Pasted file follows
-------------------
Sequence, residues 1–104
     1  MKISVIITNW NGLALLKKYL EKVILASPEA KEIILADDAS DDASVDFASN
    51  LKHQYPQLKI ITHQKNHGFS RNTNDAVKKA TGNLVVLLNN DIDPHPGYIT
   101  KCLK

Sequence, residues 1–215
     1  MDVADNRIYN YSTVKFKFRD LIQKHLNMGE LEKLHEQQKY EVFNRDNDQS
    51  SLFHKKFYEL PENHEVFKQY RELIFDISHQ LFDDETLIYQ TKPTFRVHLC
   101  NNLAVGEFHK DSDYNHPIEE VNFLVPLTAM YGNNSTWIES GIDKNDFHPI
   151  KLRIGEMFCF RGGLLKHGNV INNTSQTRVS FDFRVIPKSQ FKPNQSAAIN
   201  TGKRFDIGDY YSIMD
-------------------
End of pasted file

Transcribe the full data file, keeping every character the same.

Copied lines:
Sequence, residues 1–104
     1  MKISVIITNW NGLALLKKYL EKVILASPEA KEIILADDAS DDASVDFASN
    51  LKHQYPQLKI ITHQKNHGFS RNTNDAVKKA TGNLVVLLNN DIDPHPGYIT
   101  KCLK

Sequence, residues 1–215
     1  MDVADNRIYN YSTVKFKFRD LIQKHLNMGE LEKLHEQQKY EVFNRDNDQS
    51  SLFHKKFYEL PENHEVFKQY RELIFDISHQ LFDDETLIYQ TKPTFRVHLC
   101  NNLAVGEFHK DSDYNHPIEE VNFLVPLTAM YGNNSTWIES GIDKNDFHPI
   151  KLRIGEMFCF RGGLLKHGNV INNTSQTRVS FDFRVIPKSQ FKPNQSAAIN
   201  TGKRFDIGDY YSIMD